World stunned by tragic front page
The US will soon have lost 100,000 people to coronavirus, a heartbreaking milestone for the country.
The New York Times summed up the staggering loss in a heartbreaking front page, listing 1000 of the Americans who had lost their lives to the virus.
"They were not simply names on a list, they were us," the front page reads, describing the deaths as an "incalculable loss".
The US leads the world with a reported 1.6 million coronavirus cases and more than 96,000 deaths, according to a tally by Johns Hopkins University.
The front page of The New York Times for May 24, 2020 pic.twitter.com/Mp4figjnQe— The New York Times (@nytimes) May 23, 2020
The Times printed 1000 names on its Sunday May 24 front page, noting the list represents just one per cent of the total loss of lives in the U.S.
The list was so long that it continued into page 12 of the newspaper.
Rather than simply naming victims of the virus, The Times sought to remember them by key attributes of their life and personality - a project that had been weeks in the making.
"Numbers alone cannot possibly measure the impact of the coronavirus on America, whether it is the number of patients treated, jobs interrupted or lives cut short," the article read.
"As the country nears a grim milestone of 100,000 deaths attributed to the virus, The Times scoured obituaries and death notices of victims."
Some of the deceased completed immense feats in life, including Romi Cohn.
"Romi Cohn, 91, New York City, saved 56 Jewish families from the Gestapo," the newspaper said.
Then there was Albert Petrocelli, 73, a chief from New York City who answered the call on the fateful day of 9/11.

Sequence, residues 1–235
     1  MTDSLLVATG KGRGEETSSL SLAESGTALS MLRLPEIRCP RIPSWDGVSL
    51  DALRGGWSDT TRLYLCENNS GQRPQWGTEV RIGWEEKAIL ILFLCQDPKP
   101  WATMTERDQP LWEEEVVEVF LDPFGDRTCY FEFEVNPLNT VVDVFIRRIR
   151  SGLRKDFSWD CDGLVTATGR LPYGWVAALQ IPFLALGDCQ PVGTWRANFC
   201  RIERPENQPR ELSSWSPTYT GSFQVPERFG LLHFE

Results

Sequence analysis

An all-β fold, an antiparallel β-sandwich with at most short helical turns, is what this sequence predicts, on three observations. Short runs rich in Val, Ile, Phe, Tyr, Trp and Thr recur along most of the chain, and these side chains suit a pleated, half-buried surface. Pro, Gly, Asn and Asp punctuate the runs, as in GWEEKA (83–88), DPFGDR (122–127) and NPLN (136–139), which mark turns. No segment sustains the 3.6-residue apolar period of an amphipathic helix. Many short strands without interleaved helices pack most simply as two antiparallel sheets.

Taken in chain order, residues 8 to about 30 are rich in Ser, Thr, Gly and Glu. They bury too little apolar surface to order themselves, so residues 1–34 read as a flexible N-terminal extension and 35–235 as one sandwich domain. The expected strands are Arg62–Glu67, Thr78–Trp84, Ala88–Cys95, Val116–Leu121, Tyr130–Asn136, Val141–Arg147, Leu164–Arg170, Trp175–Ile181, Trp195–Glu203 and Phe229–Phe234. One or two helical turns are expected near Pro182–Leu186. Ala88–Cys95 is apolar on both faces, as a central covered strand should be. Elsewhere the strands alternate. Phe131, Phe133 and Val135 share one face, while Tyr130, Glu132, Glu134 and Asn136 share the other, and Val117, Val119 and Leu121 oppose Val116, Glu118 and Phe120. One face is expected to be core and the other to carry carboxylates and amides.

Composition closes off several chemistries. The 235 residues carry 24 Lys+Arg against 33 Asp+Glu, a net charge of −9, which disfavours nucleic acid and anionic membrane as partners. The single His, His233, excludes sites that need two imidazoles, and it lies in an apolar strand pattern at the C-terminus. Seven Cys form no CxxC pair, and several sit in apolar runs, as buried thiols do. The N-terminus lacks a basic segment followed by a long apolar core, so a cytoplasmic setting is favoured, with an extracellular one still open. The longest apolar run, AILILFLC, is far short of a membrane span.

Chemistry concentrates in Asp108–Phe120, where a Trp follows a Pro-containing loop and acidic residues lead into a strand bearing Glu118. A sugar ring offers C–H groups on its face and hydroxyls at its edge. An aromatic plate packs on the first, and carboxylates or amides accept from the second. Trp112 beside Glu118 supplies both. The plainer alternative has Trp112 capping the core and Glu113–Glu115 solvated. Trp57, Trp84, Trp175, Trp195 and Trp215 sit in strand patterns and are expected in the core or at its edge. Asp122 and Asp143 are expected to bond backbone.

The Times aimed to provide a snapshot into the Americans who had lost their lives to the virus, outlining the lives of single mothers, travellers and more.
"Cedric Dixon, 48, New York City, police detective in Harlem with a gift for interrogation," one obituary read.
"Bassey Offiong, 25, saw friends at their worst but brought out their best," was another.
They also included a Times veteran in the list; "Charles Constantino, 86, Menlo Park, N.J., worked 40 years for The New York Times."
For the first time since late March, New York recorded fewer than 100 COVID-19 deaths - 84 lives were lost. That compares to 590 deaths in NYC on the deadliest day of the outbreak in early April.
The powerful front page stunned the world, with some labelling it "gut-wrenching" and others simply thanking the paper.
They were us.— Chirlane McCray (@NYCFirstLady) May 23, 2020
The people listed on the cover of the @nytimes are only 1% of those lost to a horrible virus. It is gut wrenching to acknowledge such a great loss. As we inch toward recovery, let us remember that they once lived among us and fought valiantly. https://t.co/Df9R4xQLVx
Others also recognised the article's similarity to the newspaper's memorial of 9/11 victims.
"Profiles of the dead … like you did after 9/11," one Twitter user commented.
It has been a project weeks in the making, with Times journalists wondering how to honour and remember the countless people who have lost their lives.
Simone Landon, assistant editor of The New York Times Graphics desk, wanted to represent the number in a way that conveyed both the vastness and the variety of lives lost.
Departments across The Times have been robustly covering the coronavirus pandemic for months.
But Ms Landon and her colleagues realised that "both among ourselves and perhaps in the general reading public, there's a little bit of a fatigue with the data."
Perhaps unsurprisingly, US President Donald Trump copped a lot of the blame.
"Trump should have to stand and read each name," one person commented.
The criticisms come as Mr Trump was caught playing golf for the first time since he declared the coronavirus pandemic a national emergency.
The world is not impressed, likening his act to Nero fiddling while Rome burned.
As Trump golfs.— Brian Tyler Cohen (@briantylercohen) May 23, 2020
Originally published as World stunned by tragic front page
This @nytimes cover truly shocked me.— Grace Reader (@GraceReaderTV) May 23, 2020
I think it serves as a grim and honest reminder that we are not dealing with statistics here. These are people who loved and were loved, had plans.
These are the names of 100,000 people who had their futures wiped away. pic.twitter.com/vha4TlMkBc
Nero fiddled while Rome burned— JLRupert (@RupertJL) May 23, 2020